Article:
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Image Dependent Gamut Mapping

IP.com Disclosure Number: IPCOM000010882D
Publication Date: 2003-Jan-29

Publishing Venue

The IP.com Prior Art Database

Abstract

The ColourKit utilities allow scanned images to be rendered using a 'Best Facsimile' mode. The aim of this mode is to produce, within the limits of the rendering process, a visual match to the original being scanned. The 'Best Facsimile' algorithm is described in detail in Ref.1. In summary the scanned image is transformed to absolute colorimetric values using the information in the ICC profile for the scanner, and tone curve data for the image and the profile. The rendering process may not be able to reproduce the full colour gamut of the original, and an L* mapping is applied to ensure that the L* values of the black and white points of the image lie within the range which can be reproduced on the output medium. The L* mapping is determined by examining the ICC profile for the output process. The image is then transformed to output device space using the ICC output profile. (In practice the input profile, L* mapping, and output profile may be applied to the image as one concatenated transform.)

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Image Dependent Gamut Mapping.

Part1: Image and Print Gamut Characterisation and Comparison

Version:                � � � � � � � � � � � � � � � � DRAFT

Author:                � � � � � � � � � � � � � � � � � J.Deane

Document No.        � � � � � R 329        � � � � �

Issue Date.        � � � � � � � � � � � 22nd February 2002

� � � � � � � � � � � � � � � Copyright FUJIFILM Electronic Imaging Ltd,� 2002

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1. Introduction

The ColourKit utilities allow scanned images to be rendered using a 'Best Facsimile' mode. The aim of this mode is to produce, within the limits of the rendering process, a visual match to the original being scanned. The 'Best Facsimile' algorithm is described in detail in Ref.1. In summary the scanned image is transformed to absolute colorimetric values using the information in the ICC profile for the scanner, and tone curve data for the image and the profile. The rendering process may not be able to reproduce the full colour gamut of the original, and an L* mapping is applied to ensure that the L* values of the black and white points of the image lie within the range which can be reproduced on the output medium. The L* mapping is determined by examining the ICC profile for the output process. The image is then transformed to output device space using the ICC output profile. (In practice the input profile, L* mapping, and output profile may be applied to the image as one concatenated transform.)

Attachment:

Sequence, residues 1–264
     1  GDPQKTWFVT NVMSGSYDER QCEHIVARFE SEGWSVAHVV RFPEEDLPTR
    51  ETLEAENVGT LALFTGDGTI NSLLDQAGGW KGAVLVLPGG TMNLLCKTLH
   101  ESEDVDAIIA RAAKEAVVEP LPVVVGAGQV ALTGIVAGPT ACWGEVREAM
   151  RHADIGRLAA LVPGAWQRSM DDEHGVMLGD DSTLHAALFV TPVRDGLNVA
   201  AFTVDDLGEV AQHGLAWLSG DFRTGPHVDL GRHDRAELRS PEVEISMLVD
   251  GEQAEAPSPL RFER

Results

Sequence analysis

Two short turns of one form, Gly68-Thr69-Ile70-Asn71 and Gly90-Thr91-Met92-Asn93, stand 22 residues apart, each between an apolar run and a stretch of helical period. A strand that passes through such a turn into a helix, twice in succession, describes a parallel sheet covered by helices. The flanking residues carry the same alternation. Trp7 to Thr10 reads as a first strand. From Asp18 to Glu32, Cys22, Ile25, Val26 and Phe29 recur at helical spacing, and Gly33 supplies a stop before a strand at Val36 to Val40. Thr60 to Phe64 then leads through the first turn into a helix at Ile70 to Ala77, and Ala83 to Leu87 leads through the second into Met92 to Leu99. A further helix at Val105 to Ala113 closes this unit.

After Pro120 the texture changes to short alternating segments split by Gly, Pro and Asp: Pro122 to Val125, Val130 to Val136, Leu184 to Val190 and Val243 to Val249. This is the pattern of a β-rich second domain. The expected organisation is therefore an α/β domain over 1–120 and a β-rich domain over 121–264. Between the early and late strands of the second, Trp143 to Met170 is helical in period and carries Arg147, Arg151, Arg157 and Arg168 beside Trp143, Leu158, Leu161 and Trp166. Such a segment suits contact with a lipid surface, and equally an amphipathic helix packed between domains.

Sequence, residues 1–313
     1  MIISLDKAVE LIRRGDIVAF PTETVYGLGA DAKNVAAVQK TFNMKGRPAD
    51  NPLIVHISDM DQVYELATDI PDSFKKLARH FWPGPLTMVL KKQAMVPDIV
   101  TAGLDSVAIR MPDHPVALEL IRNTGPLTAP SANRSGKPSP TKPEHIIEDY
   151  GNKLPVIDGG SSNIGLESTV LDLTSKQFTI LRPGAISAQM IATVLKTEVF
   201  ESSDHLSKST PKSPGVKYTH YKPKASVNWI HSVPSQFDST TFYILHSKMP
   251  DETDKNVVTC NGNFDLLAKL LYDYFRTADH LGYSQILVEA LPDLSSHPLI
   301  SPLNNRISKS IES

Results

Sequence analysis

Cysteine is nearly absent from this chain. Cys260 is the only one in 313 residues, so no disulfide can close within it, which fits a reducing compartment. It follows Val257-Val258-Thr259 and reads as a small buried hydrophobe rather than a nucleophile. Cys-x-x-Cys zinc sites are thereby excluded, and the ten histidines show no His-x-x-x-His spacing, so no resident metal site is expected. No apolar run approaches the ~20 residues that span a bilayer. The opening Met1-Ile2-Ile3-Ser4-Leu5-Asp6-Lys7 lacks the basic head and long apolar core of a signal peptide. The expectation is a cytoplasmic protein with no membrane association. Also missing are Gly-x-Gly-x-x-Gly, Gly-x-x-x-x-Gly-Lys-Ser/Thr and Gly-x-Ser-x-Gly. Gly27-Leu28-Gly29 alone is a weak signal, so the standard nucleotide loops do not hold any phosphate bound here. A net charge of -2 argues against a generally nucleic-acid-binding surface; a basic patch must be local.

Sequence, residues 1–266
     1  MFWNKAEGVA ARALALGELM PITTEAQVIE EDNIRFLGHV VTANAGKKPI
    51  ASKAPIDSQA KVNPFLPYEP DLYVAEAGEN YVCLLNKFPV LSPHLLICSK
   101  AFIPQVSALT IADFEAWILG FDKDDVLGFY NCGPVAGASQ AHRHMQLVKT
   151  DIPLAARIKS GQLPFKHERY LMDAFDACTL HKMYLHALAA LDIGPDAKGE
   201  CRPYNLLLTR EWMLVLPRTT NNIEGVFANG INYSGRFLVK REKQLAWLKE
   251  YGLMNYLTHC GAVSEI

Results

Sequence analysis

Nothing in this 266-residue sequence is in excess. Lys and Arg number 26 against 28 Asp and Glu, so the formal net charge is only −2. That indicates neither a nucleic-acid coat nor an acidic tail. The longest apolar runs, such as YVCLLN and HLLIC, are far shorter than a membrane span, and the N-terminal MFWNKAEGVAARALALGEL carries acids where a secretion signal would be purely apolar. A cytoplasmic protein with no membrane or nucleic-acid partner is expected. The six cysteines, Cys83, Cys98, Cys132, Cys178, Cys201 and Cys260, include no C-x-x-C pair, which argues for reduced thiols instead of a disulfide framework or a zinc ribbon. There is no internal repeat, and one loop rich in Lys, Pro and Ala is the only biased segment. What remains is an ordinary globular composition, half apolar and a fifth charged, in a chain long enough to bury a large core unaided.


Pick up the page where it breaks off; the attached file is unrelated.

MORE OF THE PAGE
� � � � � � � � � � � � � � � The problem with this process is that although some effort is made to ensure the range of the image is adjusted to lie within that of the output process, no effort is made to ensure that, after the L* mapping is applied, the full gamut of colours in the image can be reproduced on the output medium. If the rendering process is not capable of reproducing the full gamut of the image, the way in which they are rendered will be dependent on the way in which out of gamut colours have been handled in the output profile. In practice this will result in colours being clipped to those at the edge of the output gamut loosing modelling in the subject. These effects have been seen in� 'Best Facsimile' reproductions of fruit giving very unnatural looking results. The results are often unnaturally saturated as much of the image is reproduced at the edge of the output process gamut.

        � � � � � � � � � � � � � � � The purpose of this project is to introduce an image and output process dependent edit to follow the current L* mapping. This is to adjust the colorimetric values of the image to maintain the facsimile appearance of the majority of the image, whilst modifying the values in areas of the colour gamut which will otherwise be clipped. This should maintain the modelling in the final result. The first stage of this...